The story of Geronimo being so dear to my heart, expect more on this, if there are any developments.


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Pillagers called to account

Pillagers called to account

Rosemary Sorensen

The Australian, January 8, 2009

Michael Brand, the director of the Getty Museum in California, talks about his experiences with negotiating the return of looted artwork in this article from the Australian. I found the following passage particularly interesting:

And yet France, as Australian museologists discovered when they began talking about the repatriation of Aboriginal human remains, holds an intransigent and logically absurd position that anything acquired by the state in the past, no matter how dubiously, becomes part of French patrimony. Giving it up, therefore, would be a blow to French national pride, and is not to be countenanced.

A few weeks ago, our class watched the film Stolen Spirits of Haida Gwaii, about the repatriation of human remains from Chicago’s Field Museum. In a press conference during the Haida’s visit to Chicago, one reporter asks if the Haida are also going to try to repatriate the totem poles at the Field Museum. He expresses very much this same feeling, saying that the totem poles have become part of Chicago’s heritage. The Haida are quick to disagree, saying that despite the fact that the poles were brought to Chicago generations ago, they still belong to the Haida.

How can it be that French people can become so attached to Australian aboriginal human remains, or that Chicagoans can identify with cultural markers of a people that come from across the continent? Is it the simple pride of owning it? Does having “native” things, regardless of their origin, legitimize them in some way?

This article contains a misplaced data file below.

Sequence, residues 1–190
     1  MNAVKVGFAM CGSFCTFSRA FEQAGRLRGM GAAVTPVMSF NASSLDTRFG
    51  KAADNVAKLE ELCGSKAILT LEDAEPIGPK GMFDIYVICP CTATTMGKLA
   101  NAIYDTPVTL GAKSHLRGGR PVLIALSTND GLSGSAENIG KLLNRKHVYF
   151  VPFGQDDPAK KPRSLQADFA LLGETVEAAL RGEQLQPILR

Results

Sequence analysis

The other question that comes to mind is one of time. Is it a valid argument to say that because these artifacts, or totem poles, have been in a museum for a long time, that museum should be allowed to keep them? Obviously the museum has spent money and resources storing or maintaining its collection, but if they never should’ve had an item in the first place doesn’t this become a moot point?

It surprised me that Australian museologists would have trouble recovering Aboriginal human remains from French museums. Human remains seem to be, in most cases, the most obvious candidates for repatriation. NAGPRA puts the emphasis almost solely on human remains as claimable for repatriation. I’m less familiar with European repatriation policies, if they indeed even exist, so maybe they have different priorities. Still I find it difficult to imagine that a museum would refuse to return a person’s remains to their home country. See this similar case at the Musée du Quai Branly in Paris.